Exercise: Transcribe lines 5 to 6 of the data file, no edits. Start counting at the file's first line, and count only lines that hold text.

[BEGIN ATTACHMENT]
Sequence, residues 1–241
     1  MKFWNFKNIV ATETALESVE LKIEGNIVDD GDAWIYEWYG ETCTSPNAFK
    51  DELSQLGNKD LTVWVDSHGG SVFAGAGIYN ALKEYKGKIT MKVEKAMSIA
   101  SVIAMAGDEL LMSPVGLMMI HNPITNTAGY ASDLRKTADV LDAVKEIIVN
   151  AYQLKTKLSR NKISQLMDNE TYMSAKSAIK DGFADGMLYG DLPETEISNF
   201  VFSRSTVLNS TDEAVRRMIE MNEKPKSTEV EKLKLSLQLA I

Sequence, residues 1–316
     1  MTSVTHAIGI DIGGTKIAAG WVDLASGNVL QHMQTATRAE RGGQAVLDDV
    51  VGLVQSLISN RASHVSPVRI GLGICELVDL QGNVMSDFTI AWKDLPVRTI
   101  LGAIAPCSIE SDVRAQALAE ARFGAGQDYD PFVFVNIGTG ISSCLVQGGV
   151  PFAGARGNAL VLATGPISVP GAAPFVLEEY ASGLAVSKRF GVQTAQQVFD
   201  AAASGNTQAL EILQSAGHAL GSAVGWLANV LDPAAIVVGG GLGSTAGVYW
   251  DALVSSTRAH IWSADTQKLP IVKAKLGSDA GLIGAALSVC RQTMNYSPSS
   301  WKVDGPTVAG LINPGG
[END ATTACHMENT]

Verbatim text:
   151  AYQLKTKLSR NKISQLMDNE TYMSAKSAIK DGFADGMLYG DLPETEISNF
   201  VFSRSTVLNS TDEAVRRMIE MNEKPKSTEV EKLKLSLQLA I